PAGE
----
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This year, 2008, was a momentous one in general and for the channel. It marked perhaps the most historic election of our lifetimes that changed the way campaigns are conducted and a financial crisis and economic downturn that many observers say looks more like the Great Depression than anything that’s happened since.

These changes reverberated through the channel, and the channel also saw some big changes of its own in 2008. This year was probably the most tumultuous in terms of vendor channel executive turnover something that some observers attributed to the pressures of a slowing economy. And this year marked giant turnarounds, such as Dell’s inaugural year with its own channel partner program after years of proclaiming direct-only as its religion.

With that in mind, here’s a look at some of the other events and the stories that made 2008 a truly memorable year.

The Recession
Back in the early part of 2008, we were all still calling it an “economic downturn,” but in October the stock market which had begun to trend downward in June suddenly fell off a cliff as the reality of the sub-prime mortgage crisis took its toll on huge financial institutions. Solution providers were only beginning to feel the effects of it when Channel Insider conducted its midyear outlook survey.

But the reality of it reverberated through the technology industry, with Intel dramatically cutting its outlook, and Sun Microsystems and other companies announcing big layoffs

For most of the year many solution providers said they’d yet to see the effects of what we now know is officially a recession.
And even after Wall Street’s financial meltdown, solution providers were taking a wait-and-see approach to the situation, with one saying her approach was much like a “Storm watch” – her firm was getting ready for a crisis, but had yet to see if the dire predictions coming from the media were true. But the storm clouds were indeed gathering as IBM cut its inventory financing program relied upon by some small solution providers, even as the company introduced other financing programs aimed at helping end users make technology purchases.

And, other vendors and distributors were doing what they could to ensure sales didn’t fall off a cliff too, offering advice to solution providers, upping their financing offers and sometimes just providing a positive look at the numbers to talk everyone off the ledge.

But reports have been piling up that point to a difficult 2009 ahead.

Still, as credit tightened up for many industries following the sub-prime mortgage crisis and subsequent financial meltdown on Wall Street, distributors, vendors and other lenders assured solution providers, that there was plenty of credit available to finance technology sales. 
with companies such as Dell, IBM and Lenovo creating new offers to help smooth the way for new purchasing.

Meanwhile, the recession made software leasing in particular a more popular option among all technology buyers, not just the customers of solution providers.

In spite of all the financial and economic turmoil in the world, with shockwaves felt by many industries, including technology, plenty of other things happened in the channel in 2008.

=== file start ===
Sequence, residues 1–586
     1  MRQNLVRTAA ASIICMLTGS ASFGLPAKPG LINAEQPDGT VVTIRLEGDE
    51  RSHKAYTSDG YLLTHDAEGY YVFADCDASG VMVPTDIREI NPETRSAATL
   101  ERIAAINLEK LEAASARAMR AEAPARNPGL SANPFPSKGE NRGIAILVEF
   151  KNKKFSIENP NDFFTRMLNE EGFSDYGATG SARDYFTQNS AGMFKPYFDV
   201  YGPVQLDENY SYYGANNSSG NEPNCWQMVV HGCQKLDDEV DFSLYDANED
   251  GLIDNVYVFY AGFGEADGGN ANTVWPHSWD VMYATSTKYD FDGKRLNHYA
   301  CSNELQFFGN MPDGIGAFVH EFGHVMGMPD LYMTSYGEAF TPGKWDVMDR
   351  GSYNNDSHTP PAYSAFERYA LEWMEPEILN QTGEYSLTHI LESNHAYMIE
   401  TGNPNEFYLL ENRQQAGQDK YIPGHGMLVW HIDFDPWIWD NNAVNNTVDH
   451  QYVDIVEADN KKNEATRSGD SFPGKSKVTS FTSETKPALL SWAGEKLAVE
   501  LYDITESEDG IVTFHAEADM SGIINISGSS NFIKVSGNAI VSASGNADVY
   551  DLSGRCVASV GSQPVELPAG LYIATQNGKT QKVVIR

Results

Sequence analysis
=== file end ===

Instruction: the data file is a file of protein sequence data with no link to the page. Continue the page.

Web 2.0, Green, the Talent Crisis, and Dell

  • As Web 2.0 and social networking technologies made their way into the mainstream, more vendors and solution providers picked up on them and the opportunities they offered.
  • More technology vendors, industry organizations, distributors and solution providers embraced green technologies and the cost savings they can offer. For example, EPEAT offered a green product rating and the MSP Alliance launched a Green IT certification
  • Solution providers continued their plea for help in recruiting qualified employees – something that has ranked among their top concerns, even as the unemployment rate has climbed in 2008 to its highest level in decades. Some IT
  •  Meanwhile, many in IT agreed that certifications have continued to lose their value as a measure of an employee’s potential success on the job – but that some IT certifications do still matter.
  • Dell, a company that had proclaimed direct-only sales as its religion became more agnostic in 2008 with the inaugural year of a formal channel program.

Vendor, Parter Controversy

  • But the year was not without controversy between vendors and channel partners, including Dell, which was still trying to figure out how this whole channel partner relationship thing works. For example, Dell was surprised that some solution providers felt threatened by its plans to take its direct managed services offering to the New York market and beyond. While the company said it wouldn’t compete with Dell-certified MSPs, it said that other MSPs were fair game.
  • HP raised the hackles of many a solution provider when it struck a deal with CDW for salespeople funded by HP and employed by the direct market reseller to target small businesses.
  • Symantec also felt the ire of solution providers after its Chief Operating Officer at the time, Enrique Salem (who is now the CEO), made what some considered some very anti-channel comments to financial analysts during a presentation to them. Then channel chief Julie Parrish quickly came forward to do damage control.
  • Then, Google’s move to cut the prices of Postini rankled many a solution provider, causing many to say that they planned to defect to other vendors.


More Vendors Get SAASy
Aside from Dell’s direct managed services offering, a handful of vendors also made moves to introduce their own direct infrastructure/SAAS or MSP services to end users, from Microsoft’s hosted Exchange and Sharepoint to its Azure, Symantec’s long-delayed SAAS offering. Finally, a few technologies emerged as strongholds – potential hedges against the recession — for solution providers going forward. They included storage technology and video conferencing.